The Great Wall of China
China's Great Wall, which has now been visible, dates from the Ming dynasty when most of the Wall was restored in stone and brick and also stretched across difficult terrains. In comparatively good shape or renovation, some parts are weakened, demolished, or deconstructed because of their construction materials for ideological purposes or lost due to the ravages of time. The Wall is now a respected national sign and a popular tourist attraction for a long time, an object of curiosity for foreigners.
China before imperialism (7-221 BC)
A poem from the 7th century BC, published in the classic of poetics, contains the first description of a wall constructed against northern invaders. Qin Shi Huang was associated with the northern states Yan, Shao, and Qin in 221 BC when it unified the states of China. The walls, referred to by Changcheng, were mainly composed of tamped soil and were simply "tall walls," also translated as the "great wall," with sections built with stones. Where there was adequate protection for natural obstacles such as ravines and rivers, the walls had been built slowly, but long fortified lines had not existed.
Qin Dynasty (221-206 BC)
Qin Shi Huang, the first Chinese emperor of the Qin dynasty, ordered around 220 BC that earlier fortifications should be removed between states, with several existing walls on the northern borders joined in a single system, spanning more than 10,000 lb (approx. one-third of one mile), protecting China from northern strikes.
One of the most ambitious efforts ever pursued by humankind was the construction of the "Wan Li Chang Cheng" wall or the 10.000-Li-Long Wall.
Han Dynasty (206 BC-220 AD)
In 202 BC, former farmer Liu Bang, a Chu-Han contention victor who followed the Qin dynasty revolt and became a Han Dynasty emperor, Emperor Gaozu, was forced to ease the Xiongnu. In return for peace, the Han paid homage to the chiefs of the Xiongnu with princesses. The conditions stated that the Great Wall must be the line into which no group could go. These diplomatic marriages were called Heqin.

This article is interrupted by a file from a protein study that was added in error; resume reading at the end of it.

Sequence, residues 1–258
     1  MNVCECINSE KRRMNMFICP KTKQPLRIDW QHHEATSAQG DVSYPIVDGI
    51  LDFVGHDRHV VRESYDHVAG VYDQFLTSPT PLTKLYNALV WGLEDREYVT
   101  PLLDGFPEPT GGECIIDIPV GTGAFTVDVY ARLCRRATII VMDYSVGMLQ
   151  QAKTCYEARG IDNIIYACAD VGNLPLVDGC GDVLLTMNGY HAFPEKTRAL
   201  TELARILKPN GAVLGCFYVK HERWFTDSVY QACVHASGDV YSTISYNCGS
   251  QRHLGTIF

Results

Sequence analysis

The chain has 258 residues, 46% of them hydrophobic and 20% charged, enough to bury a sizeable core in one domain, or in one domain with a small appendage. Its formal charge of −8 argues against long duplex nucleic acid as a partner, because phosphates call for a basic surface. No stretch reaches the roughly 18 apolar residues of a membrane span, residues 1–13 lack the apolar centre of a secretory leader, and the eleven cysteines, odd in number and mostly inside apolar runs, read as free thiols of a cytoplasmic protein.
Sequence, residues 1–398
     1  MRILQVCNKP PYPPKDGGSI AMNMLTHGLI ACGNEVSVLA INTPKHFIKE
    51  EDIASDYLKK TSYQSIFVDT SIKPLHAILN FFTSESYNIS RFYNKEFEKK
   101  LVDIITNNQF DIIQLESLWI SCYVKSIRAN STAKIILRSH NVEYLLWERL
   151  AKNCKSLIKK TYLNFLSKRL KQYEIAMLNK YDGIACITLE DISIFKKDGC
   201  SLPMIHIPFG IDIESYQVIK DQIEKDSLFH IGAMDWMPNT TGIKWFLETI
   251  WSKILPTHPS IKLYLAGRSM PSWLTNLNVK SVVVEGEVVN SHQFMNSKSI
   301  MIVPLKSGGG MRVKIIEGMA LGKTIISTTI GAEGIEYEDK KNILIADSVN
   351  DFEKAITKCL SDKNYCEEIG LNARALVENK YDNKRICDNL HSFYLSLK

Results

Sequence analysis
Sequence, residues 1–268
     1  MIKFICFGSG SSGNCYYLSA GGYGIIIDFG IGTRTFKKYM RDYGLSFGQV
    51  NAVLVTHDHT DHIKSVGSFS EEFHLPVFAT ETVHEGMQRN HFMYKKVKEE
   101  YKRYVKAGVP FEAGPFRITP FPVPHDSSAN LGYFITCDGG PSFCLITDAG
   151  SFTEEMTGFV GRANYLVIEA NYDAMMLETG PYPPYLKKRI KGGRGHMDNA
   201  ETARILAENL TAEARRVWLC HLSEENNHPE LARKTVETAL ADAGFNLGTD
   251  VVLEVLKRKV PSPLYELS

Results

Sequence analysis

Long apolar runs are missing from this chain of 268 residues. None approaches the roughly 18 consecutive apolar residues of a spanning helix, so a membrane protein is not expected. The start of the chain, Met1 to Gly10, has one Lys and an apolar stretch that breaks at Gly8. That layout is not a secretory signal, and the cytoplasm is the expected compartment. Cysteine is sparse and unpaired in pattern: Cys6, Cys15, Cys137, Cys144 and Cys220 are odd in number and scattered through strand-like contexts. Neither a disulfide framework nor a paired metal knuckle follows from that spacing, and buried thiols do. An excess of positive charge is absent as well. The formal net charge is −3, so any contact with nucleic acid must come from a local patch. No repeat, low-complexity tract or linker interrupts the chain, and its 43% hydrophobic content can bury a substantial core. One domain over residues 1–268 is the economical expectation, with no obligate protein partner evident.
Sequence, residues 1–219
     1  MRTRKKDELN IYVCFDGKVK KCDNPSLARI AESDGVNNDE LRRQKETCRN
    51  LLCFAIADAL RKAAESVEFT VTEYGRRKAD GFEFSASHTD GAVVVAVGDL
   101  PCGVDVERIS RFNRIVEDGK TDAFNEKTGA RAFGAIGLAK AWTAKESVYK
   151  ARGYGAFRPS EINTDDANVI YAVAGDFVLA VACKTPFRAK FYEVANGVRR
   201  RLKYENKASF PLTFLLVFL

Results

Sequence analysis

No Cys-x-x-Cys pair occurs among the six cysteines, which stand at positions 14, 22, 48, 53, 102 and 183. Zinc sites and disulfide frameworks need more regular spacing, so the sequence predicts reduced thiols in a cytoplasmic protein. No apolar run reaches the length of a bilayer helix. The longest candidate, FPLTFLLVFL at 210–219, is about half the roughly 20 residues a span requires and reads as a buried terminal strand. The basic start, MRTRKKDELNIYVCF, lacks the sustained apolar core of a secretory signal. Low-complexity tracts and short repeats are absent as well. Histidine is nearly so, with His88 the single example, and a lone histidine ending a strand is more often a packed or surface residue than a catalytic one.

Tang Dynasty (618-907)
Under the Tang Dynasty, frontier policies overturned the building of walls of the old kingdom. Since the third century before Christ had ruled northern China, no large wall constructions took place for several hundred years. The Wall of Zhang Yue was constructed north of Huairong on the 90 Li (48 km (30 miles) wall, but it remains uncertain whether or not the current Northern Qi walls were erected or strengthened. In the subset of Tang poetry, known as Biansai shi, the Great Mall or its ruins appear prominently written by scholars appointed at the border.
Conquest Dynasties (907-1368)
Traditional Chinese culture uses only clean single dates for the early and the late dynasties, but most conquered Chinese dynasties came and went in long and bloody battles. For example, the Ming dynasty is typically dated as of the replacement of the Yuan dynasty, but in the last years, there was a long uprising against Yuan, and Jingdezhen porcelain was generally represented in the field of Chinese ceramics as the "Ming" in 1352 but not always.
Ming Dynasty (1368-1644)
Hongwu set up "eight outer garrisons" next to the steppe during his early reign and an internal line of the fort that was more defensive. The inside of the Ming Great Wall was its forerunner. In 1373 Hongwu placed more importance on defense when Ming forces fell into recess, and Hua Yunlong suggested that garrisons should be established in 130 places and other strategic places in the Beijing region.
Around 1550 the Tamed Mongols under Altan Khan conquered the Xuan–Da area once again after being denied a trade order. However, despite many efforts, he couldn't take Xuanfu because of a fortified line of Weng Wanda when Datong's garrison bribed him not to attack. He did not walk around the walls of Weng Wanda to the comparatively poorly guarded Gubeikou, northeast of Peking, instead of continuing his work in this area.
Qing Dynasty (1644-1911)
The Qing, who were eager to undermine the Han culturalism propagated by the Ming, culturally suppressed the symbolic position of the Wall as a bond between civilized civilization and barbarism. As a result, before the mid-Qing dynasty, the Westerners were interested in the building, little particular attention was paid to the Grand Wall.
Fun facts about the Great Wall of China
- With a length of around 13170.7 mi or 21196.18 km, the Wall is the longest human building in the world.
- It was developed over centuries and is over 2,300 years old, with over six distinct Chinese dynasties.
- One of the many stories across the Wall is that the dragon drew the paths into the Wall, which were then taken by the workmen.
- The structure is a set of walls, not one consistent Wall.
- Since 1644, no work has been undertaken on the Wall for slight reconstruction.
- To remember the dead, roosters were brought here to the Great Wall of China.
- Certain portions of the Wall can unsee until 2040 due to geographical changes.
Since China had opened its doors despite the national loss of Opium Wars in the middle of the 19th century by the British and other western powers, many foreign tourists had been exposed to the Great Wall. For these wall watchers, the Juyong Pass near Beijing and "Old Dragon Head" have become famous places. It has been listed on the UNESCO Heritage Site. People from all around the world came to visit the unique masterpiece of human art.